Earth

Dino death due to volcano-asteroid double whammy

A new study says that eruptions from mega volcanoes caused several mass extinctions on Earth and contributed to the one that killed the dinosaurs. Image via Andrew Schwark/ Pexels.

Dino death double whammy

The conventional wisdom of recent decades has pointed to an asteroid impact as the reason the dinosaurs disappeared. The smoking gun has been a large crater found in the 1970s to be buried beneath the Yucatan Peninsula. Chicxulub crater looks like the site of an asteroid impact some 66 million years ago, the same time the dinosaurs disappeared. But researchers at Dartmouth College said this week (September 12, 2022), that we can’t rule out mega volcanoes as a factor in the dinosaurs’ disappearance. They said mega volcanoes were a key driver in major mass extinctions throughout Earth’s history. Four of Earth’s five great extinctions happened just as mega volcanoes created the vast ancient lava flows we see on Earth today as flood basalts, they said. And they suggested the mass extinction that took out the dinosaurs was due to a double whammy from both volcanoes and an asteroid strike.

The researchers included Theodore Green, formerly of Dartmouth College and now at Princeton, and Brenhin Keller of Dartmouth College. They published their study on September 12, 2022, in the peer-reviewed journal Proceedings of the National Academy of Sciences.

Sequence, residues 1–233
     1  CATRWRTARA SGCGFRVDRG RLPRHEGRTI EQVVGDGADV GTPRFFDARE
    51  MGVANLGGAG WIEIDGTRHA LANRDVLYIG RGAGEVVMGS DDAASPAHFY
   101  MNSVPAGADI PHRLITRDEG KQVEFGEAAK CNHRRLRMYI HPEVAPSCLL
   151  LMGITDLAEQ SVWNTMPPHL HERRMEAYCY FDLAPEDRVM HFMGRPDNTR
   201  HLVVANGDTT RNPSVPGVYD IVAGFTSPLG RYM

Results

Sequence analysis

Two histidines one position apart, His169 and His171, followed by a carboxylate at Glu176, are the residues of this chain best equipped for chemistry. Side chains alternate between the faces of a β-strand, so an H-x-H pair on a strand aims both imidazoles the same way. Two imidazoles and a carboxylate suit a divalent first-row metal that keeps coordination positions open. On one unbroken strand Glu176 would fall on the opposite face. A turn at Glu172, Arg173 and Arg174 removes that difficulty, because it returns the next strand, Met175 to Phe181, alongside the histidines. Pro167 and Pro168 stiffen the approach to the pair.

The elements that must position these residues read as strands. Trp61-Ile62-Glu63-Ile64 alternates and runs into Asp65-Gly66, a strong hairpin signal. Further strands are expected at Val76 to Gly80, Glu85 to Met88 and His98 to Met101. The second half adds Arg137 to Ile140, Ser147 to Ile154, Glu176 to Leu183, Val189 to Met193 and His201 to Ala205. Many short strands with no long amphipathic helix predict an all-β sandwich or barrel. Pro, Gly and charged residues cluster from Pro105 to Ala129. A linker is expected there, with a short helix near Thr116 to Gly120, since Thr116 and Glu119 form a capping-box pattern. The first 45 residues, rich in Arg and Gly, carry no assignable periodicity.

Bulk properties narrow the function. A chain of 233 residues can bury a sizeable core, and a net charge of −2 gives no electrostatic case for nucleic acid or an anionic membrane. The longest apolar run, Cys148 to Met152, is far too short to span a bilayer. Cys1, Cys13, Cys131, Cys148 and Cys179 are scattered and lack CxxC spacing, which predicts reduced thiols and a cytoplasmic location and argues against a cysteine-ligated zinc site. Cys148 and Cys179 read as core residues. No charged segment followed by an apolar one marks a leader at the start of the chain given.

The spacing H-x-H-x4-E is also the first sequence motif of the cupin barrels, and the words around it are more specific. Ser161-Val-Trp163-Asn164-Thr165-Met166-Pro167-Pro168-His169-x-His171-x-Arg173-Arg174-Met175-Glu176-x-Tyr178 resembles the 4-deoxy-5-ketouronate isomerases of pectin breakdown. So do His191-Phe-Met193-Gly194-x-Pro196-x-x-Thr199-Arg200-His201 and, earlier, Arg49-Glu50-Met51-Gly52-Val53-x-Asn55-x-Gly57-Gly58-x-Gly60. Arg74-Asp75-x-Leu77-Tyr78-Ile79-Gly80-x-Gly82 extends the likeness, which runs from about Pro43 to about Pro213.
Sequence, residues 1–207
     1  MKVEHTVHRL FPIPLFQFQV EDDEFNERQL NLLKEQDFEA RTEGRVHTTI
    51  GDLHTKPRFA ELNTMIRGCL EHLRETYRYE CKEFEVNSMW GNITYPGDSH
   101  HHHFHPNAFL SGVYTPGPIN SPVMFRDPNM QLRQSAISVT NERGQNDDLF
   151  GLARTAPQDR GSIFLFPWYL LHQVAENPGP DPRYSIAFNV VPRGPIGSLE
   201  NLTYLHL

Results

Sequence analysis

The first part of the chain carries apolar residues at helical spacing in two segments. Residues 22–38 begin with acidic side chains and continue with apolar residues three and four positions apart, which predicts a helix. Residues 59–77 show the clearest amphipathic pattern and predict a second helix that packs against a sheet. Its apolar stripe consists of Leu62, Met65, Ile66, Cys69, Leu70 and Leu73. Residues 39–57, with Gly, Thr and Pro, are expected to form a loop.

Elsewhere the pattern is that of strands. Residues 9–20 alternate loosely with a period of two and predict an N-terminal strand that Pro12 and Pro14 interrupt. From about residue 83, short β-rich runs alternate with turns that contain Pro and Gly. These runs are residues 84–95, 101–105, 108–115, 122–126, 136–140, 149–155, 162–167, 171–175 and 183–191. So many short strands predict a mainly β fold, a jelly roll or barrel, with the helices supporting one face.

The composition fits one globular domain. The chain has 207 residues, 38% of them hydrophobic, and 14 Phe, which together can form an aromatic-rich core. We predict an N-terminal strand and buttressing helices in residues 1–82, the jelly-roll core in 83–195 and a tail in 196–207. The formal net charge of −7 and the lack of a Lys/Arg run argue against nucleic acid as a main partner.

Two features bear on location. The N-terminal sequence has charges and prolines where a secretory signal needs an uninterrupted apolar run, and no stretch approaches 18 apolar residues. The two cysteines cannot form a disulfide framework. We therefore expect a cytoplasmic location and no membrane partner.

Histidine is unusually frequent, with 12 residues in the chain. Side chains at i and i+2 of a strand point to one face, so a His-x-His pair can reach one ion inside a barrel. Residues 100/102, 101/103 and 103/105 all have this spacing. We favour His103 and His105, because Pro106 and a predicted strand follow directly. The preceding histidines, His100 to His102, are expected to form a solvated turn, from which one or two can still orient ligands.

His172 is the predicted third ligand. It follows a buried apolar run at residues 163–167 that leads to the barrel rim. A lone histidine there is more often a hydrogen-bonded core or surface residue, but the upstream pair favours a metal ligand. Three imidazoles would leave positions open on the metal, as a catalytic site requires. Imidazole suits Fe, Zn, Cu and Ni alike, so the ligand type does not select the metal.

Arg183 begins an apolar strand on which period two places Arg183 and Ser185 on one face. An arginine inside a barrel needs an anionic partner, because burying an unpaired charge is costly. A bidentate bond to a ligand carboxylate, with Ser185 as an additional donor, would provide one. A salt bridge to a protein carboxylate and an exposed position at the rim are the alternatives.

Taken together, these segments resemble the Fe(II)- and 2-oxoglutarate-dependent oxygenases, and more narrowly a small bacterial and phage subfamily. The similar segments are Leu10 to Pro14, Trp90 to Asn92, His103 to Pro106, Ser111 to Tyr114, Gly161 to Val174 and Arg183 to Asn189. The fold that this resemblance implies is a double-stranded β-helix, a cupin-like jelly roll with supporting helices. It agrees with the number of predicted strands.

Mega volcanoes caused mass extinctions

Scientists have long debated the source of Earth’s great mass extinctions. Massive volcanic activity that spews dust and toxic fumes into Earth’s atmosphere was a long-time culprit. But the discovery of the Chicxulub crater on the Yucatan Peninsula in the 1970s – and subsequent studies of the crater – turned the focus to asteroids or comets from space. Keller said:

All other theories that attempted to explain what killed the dinosaurs got steamrolled when the crater the asteroid had gouged out was discovered.

Yet there’s little evidence of other impacts that coincide with the other mass extinctions. So, Green used supercomputers to quantify a link between eruptions and extinctions. He determined the link was not coincidence but a causal relationship. As the announcement said:

Their study provides the most compelling quantitative evidence so far that the link between major volcanic eruptions and wholesale species turnover is not simply a matter of chance.

Or, as Keller said:

Our results make it hard to ignore the role of volcanism in extinction.

View at EarthSky Community Photos. | Wesley Mitchell in Borrego Springs, California, captured this photo of a full moon on September 20, 2021. He wrote: “There are 130 Ricardo Breseda statues scattered around the desert around Borrego Springs. I wanted to get these guys actually highlighted by the rising moon.” Thank you, Wesley! A new study says that the dinosaurs suffered a double whammy of an eruption of mega volcanoes and an asteroid impact.

Large igneous provinces